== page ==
Critical Drinking

Critical Drinking with Transmitter Brewing’s Rob Kolb and Anthony Accardi

A lot can change in a couple years. In April 2014, Good Beer Hunting founder Michael Kiser was in New York to speak at an event. He and I took the opportunity to go on one of Joshua M. Bernstein’s always-fun homebrew tours. The theme of this particular tour was homebrewers who had recently “gone pro” and opened a brewery. It was on the tour that I first met Rob Kolb and Anthony Accardi. The pair had just opened Transmitter Brewing in Long Island City at the edge of the Newtown Creek. They set up shop right below the Pulaski Bridge, which loomed above and cast a long shadow over their new digs. The two were old friends, ex-bike racers, and avid homebrewers before they went into business together.

Now, with just a couple years under their belt, and the New York City brew scene continuing its expansion, they’ve also expanded, upping their production and sending their Belgian-inspired farmhouse beers all over the city. Almost two years to the day from our homebrew tour introduction, I sat down with Kolb and Accardi to see how things are progressing.

Are you keeping up with demand?

No. [laughs] I mean, in some ways, because we do bottles, we’re very liquid as far as what goes, as long as we have cooperage. We can decide more in kegs, less in bottles. Kegs go right away, bottles we might have to sit on for a little while.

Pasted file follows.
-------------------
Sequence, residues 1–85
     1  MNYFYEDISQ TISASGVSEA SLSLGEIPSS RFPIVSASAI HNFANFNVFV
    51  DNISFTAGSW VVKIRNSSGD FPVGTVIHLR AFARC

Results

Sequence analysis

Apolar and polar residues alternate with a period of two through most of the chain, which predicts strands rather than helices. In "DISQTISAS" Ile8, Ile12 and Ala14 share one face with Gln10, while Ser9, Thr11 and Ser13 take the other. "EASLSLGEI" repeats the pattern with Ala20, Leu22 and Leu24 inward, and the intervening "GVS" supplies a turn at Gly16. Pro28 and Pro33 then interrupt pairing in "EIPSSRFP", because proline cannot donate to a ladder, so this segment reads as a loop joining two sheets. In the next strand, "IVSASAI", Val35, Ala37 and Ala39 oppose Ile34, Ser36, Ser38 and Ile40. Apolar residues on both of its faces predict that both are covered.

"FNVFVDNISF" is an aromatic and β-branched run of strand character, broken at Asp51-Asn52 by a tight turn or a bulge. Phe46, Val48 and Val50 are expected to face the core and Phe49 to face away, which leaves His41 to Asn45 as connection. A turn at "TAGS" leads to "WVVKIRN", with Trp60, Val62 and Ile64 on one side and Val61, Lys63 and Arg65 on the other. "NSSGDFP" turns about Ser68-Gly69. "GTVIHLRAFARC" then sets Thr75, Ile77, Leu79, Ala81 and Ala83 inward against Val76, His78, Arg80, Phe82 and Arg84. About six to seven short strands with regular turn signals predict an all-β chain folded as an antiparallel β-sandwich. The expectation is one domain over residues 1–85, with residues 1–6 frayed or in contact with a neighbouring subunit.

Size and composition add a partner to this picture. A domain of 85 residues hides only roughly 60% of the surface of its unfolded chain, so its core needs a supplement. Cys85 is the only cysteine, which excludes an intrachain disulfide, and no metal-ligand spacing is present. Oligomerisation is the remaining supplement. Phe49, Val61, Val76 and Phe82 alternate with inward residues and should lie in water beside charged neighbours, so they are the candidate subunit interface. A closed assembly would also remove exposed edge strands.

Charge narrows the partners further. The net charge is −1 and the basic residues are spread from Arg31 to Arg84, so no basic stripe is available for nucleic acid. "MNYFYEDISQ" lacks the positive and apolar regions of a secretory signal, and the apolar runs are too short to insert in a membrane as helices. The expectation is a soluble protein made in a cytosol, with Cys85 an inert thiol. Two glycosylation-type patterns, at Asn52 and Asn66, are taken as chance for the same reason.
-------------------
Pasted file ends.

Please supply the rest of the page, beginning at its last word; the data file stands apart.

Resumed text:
We move between them pretty fluidly. We can decide today, “Oh, let’s bottle most of that,” or, “We need more kegs. Let’s keg half of it instead of 25% of it.”

It seems like NYC, in terms of brewing, has an added layer of financial complexity that perhaps a lot of places don’t have.

Signing a commercial lease in New York City is probably the number one hardest thing to do when opening a brewery.

Was it tough to find this space?

Serendipitous. We both live right by here and we walked by this space, drove by this space, all the time. Anthony’s wife saw it walking over the bridge—saw the sign for it.

There was literally a sign on the side of the building. We came in, it was all wide open, they said, “Here’s what we’re proposing.”

The decision to set up your brewery in the city versus outside is an important one. Why here instead of Westchester County or out on Long Island?

No. We started small and built it all ourselves, so once you add a commute to a full-time job that you already have for another job, it becomes way less interesting.

It gets super hard. I mean, even being in a place like Red Hook would have been onerous because literally we were coming here at 5 p.m. and 6 p.m., working until 10 p.m. and 11 p.m. during build out, but also during the first year of making beer.

Yeah, we’d come here at 6:30 p.m. and be bottling until 10:00 p.m.

You chose Long Island City, which, to non-New Yorkers, is a bit off the beaten path. With craft beer tourism becoming a real market where consumers are spending dollars, did you consider that perhaps being a deterrent to visitation, at least for tourists?